They answered him, “We are descendants of Abraham and have never been slaves to anyone. What do you mean by saying, ‘You will be made free’?”
Some of you may remember a little booklet/tract, called the Four Spiritual Laws. Inside there was a picture of a train. The engine was FACT. The middle car was Faith, and the caboose was Feeling. I remember being sold on the concept. This, I thought, is the way spiritual life operates; or was supposed to operate.
I busied myself with getting all my facts straight. Read all the Josh McDowell, Hal Lindsay, Henry Morris, and Wilber Smith, books. After a few years I discovered that all the facts that could be proved were not that interesting and ones that were, never really touched my life.
I also learned that all the facts that were offered as facts were not as evidently factual as these erstwhile scholars and theologians would have me believe. (Yikes! I'm sounding like Jean Chretien, "A proof is a proof is a proof…) Too many of the conclusions seemed forced rather than revealed. On the other hand, there was mystery and possibility in the "facts" that invited questions. And it was in these soft malleable "facts", or disclosures, where spiritual life seemed to flourish.
I'm older now, I know a great deal less than I did then. But I know I'm not a train. I know that this train never existed and that every attempt at making it run was wind and smoke. It was not the case that in getting all my facts straight, (not a possibility anyway) that they would flow nicely back and prove, convert or strengthen my faith, and then my feelings would happily follow along.
There will never be an absolute metaphor for the way we come to know, and be, and walk with the Spirit. Perhaps the closest metaphor, while always provisional, is biological. An organism is about interrelationships. Faith and feeling and truth are all inter-related. A grand humming matrix. And all intimately and intricately connected to our social and physical environment, our health, the processes of our personality and temperament, even the vagaries of culture. And you can't make a train out of these. (But you can make quit a wonderful soufflé.)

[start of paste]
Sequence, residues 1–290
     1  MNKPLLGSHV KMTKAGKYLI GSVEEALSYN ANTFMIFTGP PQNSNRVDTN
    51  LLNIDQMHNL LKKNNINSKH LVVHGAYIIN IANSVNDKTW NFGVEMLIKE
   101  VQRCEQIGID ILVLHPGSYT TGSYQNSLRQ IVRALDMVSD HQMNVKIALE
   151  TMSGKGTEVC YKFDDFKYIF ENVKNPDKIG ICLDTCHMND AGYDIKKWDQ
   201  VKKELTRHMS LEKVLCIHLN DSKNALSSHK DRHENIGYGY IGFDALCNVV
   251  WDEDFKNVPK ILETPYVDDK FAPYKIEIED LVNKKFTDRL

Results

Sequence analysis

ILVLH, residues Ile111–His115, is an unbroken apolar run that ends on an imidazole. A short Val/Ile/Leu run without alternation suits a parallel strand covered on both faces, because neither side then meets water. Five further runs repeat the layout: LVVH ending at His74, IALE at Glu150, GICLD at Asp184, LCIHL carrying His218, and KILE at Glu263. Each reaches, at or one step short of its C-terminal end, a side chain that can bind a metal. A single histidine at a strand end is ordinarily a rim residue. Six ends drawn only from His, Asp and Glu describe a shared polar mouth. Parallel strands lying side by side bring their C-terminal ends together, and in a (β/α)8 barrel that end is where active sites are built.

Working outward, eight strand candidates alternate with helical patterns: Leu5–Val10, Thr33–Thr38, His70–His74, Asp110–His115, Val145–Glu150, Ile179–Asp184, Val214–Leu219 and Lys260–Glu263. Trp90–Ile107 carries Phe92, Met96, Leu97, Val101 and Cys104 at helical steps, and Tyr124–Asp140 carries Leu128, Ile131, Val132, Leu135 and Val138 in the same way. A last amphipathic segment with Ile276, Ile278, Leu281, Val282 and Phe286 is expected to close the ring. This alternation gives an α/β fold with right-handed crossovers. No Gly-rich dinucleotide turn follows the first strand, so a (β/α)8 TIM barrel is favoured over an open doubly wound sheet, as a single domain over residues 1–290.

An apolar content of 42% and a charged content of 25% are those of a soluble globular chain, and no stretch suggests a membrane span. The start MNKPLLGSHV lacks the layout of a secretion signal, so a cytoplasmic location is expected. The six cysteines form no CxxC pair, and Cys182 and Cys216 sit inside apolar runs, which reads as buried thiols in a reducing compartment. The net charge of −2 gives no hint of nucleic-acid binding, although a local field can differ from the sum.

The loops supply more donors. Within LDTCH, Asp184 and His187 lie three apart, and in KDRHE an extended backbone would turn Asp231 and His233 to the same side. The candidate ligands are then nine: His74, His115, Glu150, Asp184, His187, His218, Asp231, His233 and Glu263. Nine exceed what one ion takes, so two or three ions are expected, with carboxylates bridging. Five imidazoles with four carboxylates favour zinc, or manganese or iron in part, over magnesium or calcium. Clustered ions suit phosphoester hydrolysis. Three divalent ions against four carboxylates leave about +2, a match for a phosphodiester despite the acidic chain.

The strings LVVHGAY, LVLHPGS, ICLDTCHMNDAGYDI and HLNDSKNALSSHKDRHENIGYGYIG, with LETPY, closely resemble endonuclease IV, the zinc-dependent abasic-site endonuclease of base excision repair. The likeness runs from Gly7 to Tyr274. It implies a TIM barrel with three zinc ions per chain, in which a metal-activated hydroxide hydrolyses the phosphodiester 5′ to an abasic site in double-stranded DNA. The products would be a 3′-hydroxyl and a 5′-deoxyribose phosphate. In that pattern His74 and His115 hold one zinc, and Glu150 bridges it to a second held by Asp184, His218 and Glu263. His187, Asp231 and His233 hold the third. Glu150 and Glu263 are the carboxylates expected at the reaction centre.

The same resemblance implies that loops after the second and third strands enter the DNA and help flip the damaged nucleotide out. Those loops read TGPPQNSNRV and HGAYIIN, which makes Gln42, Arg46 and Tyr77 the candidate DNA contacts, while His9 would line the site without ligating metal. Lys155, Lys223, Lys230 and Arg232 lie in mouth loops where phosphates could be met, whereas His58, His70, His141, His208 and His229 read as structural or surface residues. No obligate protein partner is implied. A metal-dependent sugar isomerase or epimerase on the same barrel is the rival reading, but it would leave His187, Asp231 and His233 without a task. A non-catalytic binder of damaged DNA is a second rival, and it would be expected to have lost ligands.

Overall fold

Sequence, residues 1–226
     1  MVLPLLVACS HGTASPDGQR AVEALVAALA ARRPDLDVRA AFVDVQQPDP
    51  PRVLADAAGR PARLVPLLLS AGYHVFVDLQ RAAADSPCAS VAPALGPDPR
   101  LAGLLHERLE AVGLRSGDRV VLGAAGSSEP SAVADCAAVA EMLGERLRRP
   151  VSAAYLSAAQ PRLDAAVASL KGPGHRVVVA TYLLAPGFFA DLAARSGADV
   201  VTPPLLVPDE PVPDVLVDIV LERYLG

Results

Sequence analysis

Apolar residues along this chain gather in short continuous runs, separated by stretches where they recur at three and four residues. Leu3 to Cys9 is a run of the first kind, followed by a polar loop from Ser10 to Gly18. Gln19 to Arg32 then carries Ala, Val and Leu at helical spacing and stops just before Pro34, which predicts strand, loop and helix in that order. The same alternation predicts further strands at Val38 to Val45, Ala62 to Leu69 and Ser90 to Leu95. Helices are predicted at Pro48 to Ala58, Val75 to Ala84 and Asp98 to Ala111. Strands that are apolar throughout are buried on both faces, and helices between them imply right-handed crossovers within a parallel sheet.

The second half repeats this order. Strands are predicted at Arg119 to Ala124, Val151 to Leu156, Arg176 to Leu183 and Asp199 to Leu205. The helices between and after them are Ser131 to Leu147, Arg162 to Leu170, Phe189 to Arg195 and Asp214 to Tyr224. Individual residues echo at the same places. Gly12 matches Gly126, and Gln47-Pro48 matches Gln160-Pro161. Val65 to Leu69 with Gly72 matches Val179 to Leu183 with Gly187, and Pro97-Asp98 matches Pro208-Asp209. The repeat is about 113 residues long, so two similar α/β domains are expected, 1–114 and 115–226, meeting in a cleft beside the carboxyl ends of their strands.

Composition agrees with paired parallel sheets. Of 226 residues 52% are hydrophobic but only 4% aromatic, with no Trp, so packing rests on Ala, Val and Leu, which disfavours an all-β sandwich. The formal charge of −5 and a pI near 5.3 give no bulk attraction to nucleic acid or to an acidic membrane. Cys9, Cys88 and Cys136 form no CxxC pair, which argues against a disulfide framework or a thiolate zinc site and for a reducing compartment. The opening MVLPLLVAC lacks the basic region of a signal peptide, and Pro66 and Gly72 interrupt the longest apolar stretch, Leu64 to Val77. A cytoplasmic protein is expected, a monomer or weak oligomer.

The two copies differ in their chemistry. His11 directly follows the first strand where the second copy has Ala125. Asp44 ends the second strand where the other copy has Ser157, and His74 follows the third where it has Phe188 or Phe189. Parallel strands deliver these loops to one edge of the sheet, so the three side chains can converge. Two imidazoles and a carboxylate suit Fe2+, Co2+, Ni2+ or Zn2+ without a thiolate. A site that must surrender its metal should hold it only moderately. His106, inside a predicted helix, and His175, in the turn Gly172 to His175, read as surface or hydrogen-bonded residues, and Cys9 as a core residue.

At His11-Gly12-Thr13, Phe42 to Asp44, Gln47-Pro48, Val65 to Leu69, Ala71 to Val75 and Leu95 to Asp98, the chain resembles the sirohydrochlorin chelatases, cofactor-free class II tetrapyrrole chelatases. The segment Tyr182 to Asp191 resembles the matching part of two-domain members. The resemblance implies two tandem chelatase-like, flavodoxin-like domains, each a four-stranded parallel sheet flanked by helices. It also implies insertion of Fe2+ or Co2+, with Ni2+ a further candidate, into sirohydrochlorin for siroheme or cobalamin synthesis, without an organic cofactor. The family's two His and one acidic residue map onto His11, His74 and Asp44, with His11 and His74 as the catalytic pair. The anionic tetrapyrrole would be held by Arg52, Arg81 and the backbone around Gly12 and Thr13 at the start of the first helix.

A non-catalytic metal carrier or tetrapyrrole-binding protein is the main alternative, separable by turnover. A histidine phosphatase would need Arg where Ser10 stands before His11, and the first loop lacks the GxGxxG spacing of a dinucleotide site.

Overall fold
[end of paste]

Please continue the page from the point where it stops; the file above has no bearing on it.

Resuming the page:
Too many Christians are down on this age. The terms secular humanism, liberalism, and the big one, relativism, come to mind. But this age is our gift. We have the ability, however flawed, to step to the margins and glimpse a social, cultural, religious or philosophical perspective that we couldn't before.
The gift of postmodernism has weaned us from being strict descendents of the Enlightenment and the Western Christian tradition. While the Enlightenment is still with us, it is dying, and as it does the temptation to slide all the way in the other direction is real.
But the gift of Jesus is freedom. Freedom from the tyranny of absolutism and radical relativism, both of which end in nihilism. It is in relationship with Jesus that I have an opportunity, should I decide to accept it, to recognize my enslavement to my western culture and my religious tradition along with my propensity for violent defense of these and to be receptive to listen to what the Spirit says.